Friday, December 17, 2010

Robert Sardello on Suffering and Like Gold Through Fire

Like Gold Through Fire: Understanding the Transforming Power of Suffering
About Like Gold Through Fire: Understanding the Transforming Power of Suffering

a FOREWORD by Robert Sardello

In our age, a false flight from suffering, nurtured by the strictly modern fantasy that medicine, counseling, a support group, or community service can remove it is simultaneously paired with more visible suffering in the world than perhaps has ever been seen before. To convey, as the Harrises have done in this bold work, Like Gold Through Fire, that suffering in fact gives us the most direct means of coming to terms with the mystery of our being, with what makes us human, may seem at the very least, masochistic. Should we not do all in our power to alleviate suffering – our own and that of others? Of course, we not only should, we must. But, there are two ways, two attitudes that can be taken toward alleviating suffering – a mechanical, technical, materialistic way and a soulful and spiritual way.


The modern way responds to pain by using the wonders of modern technology, whether that takes the form of instruments and scientific discovery, or the technology of transporting food, clothing, and medicines to disaster victims within a few hours, or the economic technology of getting money to where it is needed. Indeed, those of us who value soul do so from the perspective of a world having the means and the will to do something about suffering; only the naive would set up technology as an opposition to soul. A soul perspective, however, does try to bring balance by drawing attention to the inescapable fact that suffering is a tremendously important teacher; balance by trying to help us see that technology does not, in fact, remove suffering (at most it makes possible the alleviation of natural suffering, so that, in the Harrises' terms, developmental and transcendent suffering may take place with proper timing); balance in the sense of helping to distinguish between neurotic and transcendent suffering so that suffering is allowed its meaning rather than being repetitious self-indulgence masquerading as agony. The first reality that this book asks us to confront, and to ponder deeply, is that suffering, finally, cannot be denied, displaced, avoided, or projected, nor, ultimately, gotten rid of.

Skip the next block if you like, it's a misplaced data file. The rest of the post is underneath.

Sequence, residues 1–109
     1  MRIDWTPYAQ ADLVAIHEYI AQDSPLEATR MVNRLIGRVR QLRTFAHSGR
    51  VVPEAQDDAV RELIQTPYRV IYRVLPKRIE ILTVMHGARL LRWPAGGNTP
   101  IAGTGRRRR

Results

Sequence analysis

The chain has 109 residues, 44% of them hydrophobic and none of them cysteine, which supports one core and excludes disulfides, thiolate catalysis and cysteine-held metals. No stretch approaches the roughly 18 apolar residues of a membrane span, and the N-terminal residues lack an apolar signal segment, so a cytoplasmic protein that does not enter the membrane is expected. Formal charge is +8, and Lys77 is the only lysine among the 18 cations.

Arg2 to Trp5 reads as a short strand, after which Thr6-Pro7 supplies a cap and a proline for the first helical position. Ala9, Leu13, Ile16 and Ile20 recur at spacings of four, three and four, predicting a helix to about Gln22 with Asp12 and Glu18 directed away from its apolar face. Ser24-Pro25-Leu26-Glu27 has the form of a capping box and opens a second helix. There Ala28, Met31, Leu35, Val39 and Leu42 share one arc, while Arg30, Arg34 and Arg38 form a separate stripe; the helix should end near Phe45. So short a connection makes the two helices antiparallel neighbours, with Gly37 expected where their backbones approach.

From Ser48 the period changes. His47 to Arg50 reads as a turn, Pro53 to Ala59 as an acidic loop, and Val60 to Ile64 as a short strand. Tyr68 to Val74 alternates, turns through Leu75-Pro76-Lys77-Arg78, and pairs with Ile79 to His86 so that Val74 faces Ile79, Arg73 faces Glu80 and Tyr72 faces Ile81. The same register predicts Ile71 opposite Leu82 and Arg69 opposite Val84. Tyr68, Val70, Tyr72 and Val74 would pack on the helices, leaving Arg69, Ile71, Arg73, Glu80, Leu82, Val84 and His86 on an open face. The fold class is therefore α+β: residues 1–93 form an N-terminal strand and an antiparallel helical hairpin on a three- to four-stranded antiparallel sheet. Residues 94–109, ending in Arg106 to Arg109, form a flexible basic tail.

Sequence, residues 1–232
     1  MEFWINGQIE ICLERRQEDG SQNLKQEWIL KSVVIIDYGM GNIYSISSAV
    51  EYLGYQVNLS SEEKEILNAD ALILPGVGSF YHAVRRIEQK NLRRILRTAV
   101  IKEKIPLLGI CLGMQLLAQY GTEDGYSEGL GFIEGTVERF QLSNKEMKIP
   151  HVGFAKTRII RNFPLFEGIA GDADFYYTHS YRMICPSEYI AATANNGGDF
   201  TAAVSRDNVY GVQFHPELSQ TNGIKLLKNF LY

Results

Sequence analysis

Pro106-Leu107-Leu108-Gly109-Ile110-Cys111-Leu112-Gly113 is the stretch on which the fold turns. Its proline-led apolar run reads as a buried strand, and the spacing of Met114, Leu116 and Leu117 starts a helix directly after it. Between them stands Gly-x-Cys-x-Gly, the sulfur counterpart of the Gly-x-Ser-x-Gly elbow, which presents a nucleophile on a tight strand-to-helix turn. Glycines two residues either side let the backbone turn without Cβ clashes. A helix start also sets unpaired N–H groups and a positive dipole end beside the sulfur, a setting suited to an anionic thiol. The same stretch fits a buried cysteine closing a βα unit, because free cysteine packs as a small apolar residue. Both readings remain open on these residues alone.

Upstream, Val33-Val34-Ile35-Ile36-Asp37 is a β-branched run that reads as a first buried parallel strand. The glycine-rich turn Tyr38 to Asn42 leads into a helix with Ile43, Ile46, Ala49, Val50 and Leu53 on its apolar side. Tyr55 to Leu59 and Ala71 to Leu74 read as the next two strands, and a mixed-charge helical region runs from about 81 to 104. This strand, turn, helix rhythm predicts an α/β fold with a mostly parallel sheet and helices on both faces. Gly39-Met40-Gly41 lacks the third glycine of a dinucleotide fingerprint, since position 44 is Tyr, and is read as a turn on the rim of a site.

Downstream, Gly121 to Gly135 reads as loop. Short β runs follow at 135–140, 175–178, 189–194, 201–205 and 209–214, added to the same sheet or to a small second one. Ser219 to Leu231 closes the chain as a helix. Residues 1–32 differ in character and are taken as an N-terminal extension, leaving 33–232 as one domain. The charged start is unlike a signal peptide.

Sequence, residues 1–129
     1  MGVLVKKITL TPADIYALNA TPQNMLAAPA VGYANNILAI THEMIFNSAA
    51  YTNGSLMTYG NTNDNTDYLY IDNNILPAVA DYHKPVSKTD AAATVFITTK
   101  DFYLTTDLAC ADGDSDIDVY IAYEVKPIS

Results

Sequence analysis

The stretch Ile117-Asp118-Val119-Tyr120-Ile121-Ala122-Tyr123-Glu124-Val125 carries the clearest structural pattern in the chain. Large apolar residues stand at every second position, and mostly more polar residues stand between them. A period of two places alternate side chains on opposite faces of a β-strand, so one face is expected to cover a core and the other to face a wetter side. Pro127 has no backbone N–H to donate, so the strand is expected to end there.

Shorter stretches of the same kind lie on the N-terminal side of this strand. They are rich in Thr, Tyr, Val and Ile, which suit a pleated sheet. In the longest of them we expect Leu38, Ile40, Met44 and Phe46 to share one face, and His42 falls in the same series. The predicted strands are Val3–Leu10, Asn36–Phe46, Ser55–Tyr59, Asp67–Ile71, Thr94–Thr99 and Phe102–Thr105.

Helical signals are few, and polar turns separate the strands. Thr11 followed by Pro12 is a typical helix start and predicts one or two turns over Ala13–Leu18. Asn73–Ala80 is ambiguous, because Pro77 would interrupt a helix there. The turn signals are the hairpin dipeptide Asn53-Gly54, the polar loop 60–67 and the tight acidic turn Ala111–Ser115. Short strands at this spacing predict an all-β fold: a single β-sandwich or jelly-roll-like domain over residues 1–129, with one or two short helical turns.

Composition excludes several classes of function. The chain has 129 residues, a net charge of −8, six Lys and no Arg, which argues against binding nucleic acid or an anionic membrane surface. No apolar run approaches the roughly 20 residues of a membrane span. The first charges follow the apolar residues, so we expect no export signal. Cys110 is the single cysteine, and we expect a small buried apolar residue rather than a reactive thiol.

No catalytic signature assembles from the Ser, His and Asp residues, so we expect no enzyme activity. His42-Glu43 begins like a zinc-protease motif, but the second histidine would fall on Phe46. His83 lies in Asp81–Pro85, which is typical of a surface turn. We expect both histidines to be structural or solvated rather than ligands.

Suffering without consciousness differs enormously from suffering that has found its proper mode of consciousness. In the extreme case, suffering without consciousness is simply denial. Louise Lavelle, a truly great writer on the problem of evil and suffering, said that the worst misery is not to be aware of misery. Then there is suffering that, while strongly felt, still has no psychic element – it simply hurts and all of the psychic element is placed into the fantasy of escape, where it has no value. The many stories, fairy tales, myths, and personal case histories told by the Harrises give us an indication of the direction where suffering does locate its own meaning – the direction is down, into the depths, like the underworld terrain of Inanna, or of Persephone, where the true psychic element of suffering is to be found. This terrain is difficult to speak of other than in imaginal terms.